If I asked you to define exactly what a Browser is, could you?
At first blush, this may seem like a dumb question. Browsers have been around since Netscape Navigator introduced the concept well over a decade ago, and most technical people can rattle off the names of popular browsers like “Internet Explorer”, “Safari”, “Firefox” and “Chrome” without hesitating. But while it may be easy for people to provide this kind of ‘definition by example’, I would argue that getting people to offer a definition based on more specific criteria would end up being a much bigger challenge.
Let me assert that this isn’t simply an academic question that I’m asking as some intellectual exercise. It has actually become a very important issue that will need to be resolved – both legally as well as in the ethos of the web. To understand why, consider the recent tussle between the NY Times and the young developers of the successful iPad RSS reader called PULSE.
PULSE was one of the applications profiled during Steve Job’s WWDC keynote. It’s a popular application that marries the traditional RSS reader with an innovative browsing interface, creating something really unique. Shortly after that keynote, Apple received a letter from the New York Times demanding that PULSE be removed from the App Store. Here is a clip taken directly from the legal take down notice Apple received:
Fast forward to today…
There have been two significant threads of web evolution that have made things far more complicated and less clear. One is that ‘browsers’ have continued to add features and functions that make them much more than simple utilities for browsing web pages. The other is that an increasing number of applications being built today include some form of integrated web browsing as a native component of their functionality.
What this has done is blur the line between browsers and other internet savvy applications, blending code based features with HTML rendered options to enhance the web experience. To get a better sense of this, consider some of the capabilities that are now available within modern browsers.
- TABS: Perhaps the most basic extension that is now a part of every significant browser is the TAB bar sitting above the browser display:
Tabs allow multiple web pages to remain open at the same time, simplifying switching between multiple sites. What TABS end up doing, effectively, is framing individual sites and showing only one of them at a time based on which ‘TAB’ is selected. It isn’t using HTML FRAMING, but it uses code to achieve the same result. It is also core to the way most people browse the web today. While this type of function may seem trivial, it is actually one of the issues PULSE came under fire for.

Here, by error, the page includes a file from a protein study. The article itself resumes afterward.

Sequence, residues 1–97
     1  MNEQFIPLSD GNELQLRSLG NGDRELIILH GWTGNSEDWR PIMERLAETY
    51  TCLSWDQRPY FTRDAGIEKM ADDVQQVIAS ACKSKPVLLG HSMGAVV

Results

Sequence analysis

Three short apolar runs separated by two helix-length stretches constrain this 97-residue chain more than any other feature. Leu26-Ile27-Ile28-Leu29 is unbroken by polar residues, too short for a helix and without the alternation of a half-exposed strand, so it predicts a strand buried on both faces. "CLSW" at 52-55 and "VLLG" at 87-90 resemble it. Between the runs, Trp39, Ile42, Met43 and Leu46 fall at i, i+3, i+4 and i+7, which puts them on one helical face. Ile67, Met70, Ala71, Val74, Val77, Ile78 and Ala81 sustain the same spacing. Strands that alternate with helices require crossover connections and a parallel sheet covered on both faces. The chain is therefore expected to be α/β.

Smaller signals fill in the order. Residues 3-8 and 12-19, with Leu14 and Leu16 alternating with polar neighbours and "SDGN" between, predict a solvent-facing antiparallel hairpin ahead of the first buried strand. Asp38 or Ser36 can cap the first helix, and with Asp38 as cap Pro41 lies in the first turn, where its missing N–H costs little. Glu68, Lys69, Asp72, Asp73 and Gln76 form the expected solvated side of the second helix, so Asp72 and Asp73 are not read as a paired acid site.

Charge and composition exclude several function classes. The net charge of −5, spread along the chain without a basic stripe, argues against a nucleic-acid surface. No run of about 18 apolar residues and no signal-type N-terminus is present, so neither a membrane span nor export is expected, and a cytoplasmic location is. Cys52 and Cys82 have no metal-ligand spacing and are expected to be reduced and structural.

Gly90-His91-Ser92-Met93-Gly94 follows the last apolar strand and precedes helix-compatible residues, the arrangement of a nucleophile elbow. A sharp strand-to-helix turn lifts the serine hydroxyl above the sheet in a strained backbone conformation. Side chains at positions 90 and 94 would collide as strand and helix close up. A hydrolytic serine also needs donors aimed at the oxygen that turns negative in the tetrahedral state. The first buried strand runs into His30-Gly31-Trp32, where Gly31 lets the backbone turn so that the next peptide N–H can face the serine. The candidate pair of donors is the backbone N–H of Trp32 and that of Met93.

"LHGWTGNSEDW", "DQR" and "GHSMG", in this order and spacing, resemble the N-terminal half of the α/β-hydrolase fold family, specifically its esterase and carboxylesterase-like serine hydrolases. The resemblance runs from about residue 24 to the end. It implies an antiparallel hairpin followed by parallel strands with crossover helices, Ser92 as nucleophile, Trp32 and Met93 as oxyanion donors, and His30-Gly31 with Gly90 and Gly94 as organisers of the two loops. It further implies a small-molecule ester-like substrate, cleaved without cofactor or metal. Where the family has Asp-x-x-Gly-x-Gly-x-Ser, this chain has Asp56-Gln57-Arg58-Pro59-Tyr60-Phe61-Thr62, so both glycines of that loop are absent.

- REFORMATTING: Some browsers are starting to go a step further and actually reformat the content displayed on a web page. Consider this snapshot I took of the new READER feature in the latest version of Apple’s Safari browser:
READER lets a person take any web page with a single article on it and view it in an easy to read window without any images, ads, or other distracting ‘web noise’. Though this capability is built in to Apple’s latest version of this browser, I think it clearly falls outside any traditional definition of “web browsing”. In many ways, it does something even worse than ‘page framing’. READER creates a denatured version of the page, removing any branding or advertising the creators of the content originally packaged with it. You can even mail it or print it in this reduced form.
- PLUG-IN’s: Beyond the capabilities offered by browsers natively, most modern browsers also provide ways for their feature sets to be extended through Plug-ins. Plug-ins are lightweight applications that ‘plug in’ to the back-end functionality of a browser to extend it in some way. Plug-ins can leverage a browser to do things like communicate with hosted services across the internet, direct the browser to open different web pages, analyze the content being displayed on a page, or even augment it with outside content. Consider this screen shot of a plug-in called GLUE. In this case, the plug-in has been activated by someone looking at a specific book on the Barnes & Noble web site:
One of the features ‘GLUE’ adds to a browser is the ability to analyze what is being shown on a page, find specific items that are being mentioned there, and give people additional options for interacting with those items. In this case it has recognized the book and, among other choices, has given them the option to buy the book – on Amazon. I have no doubt that B&N would much prefer that choice not to be a simple left mouse click away on their site.
In all of these cases, the browsers are providing functionality that goes beyond simple browsing. In some of them, the functionally is either passively or actively at odds with what the site providers would like to have done with their content. At this point in time, all of these capabilities – since they are happening within mainstream browsers – have become accepted practice on the web.
It’s clear that the way many web sites (and possibly even the law) view this distinction is out of touch with where the technology has progressed. Drawing a clearly defined line between browsers and applications would be a fruitless exercise. In fact, given the shift to the mobile web, I would expect browsing to start happening a lot more via application embedded browsers. Our underlying norms of ‘browsing’ may actually be changing at this point.
I have no doubt that finding common ground here between content publishers and consumers won’t be easy – but this is an area that needs to be debated and discussed. A compromise of some kind will need to be reached and a new “cultural standard” established in this area.
The great thing about the web community is that it still has the capacity to do that.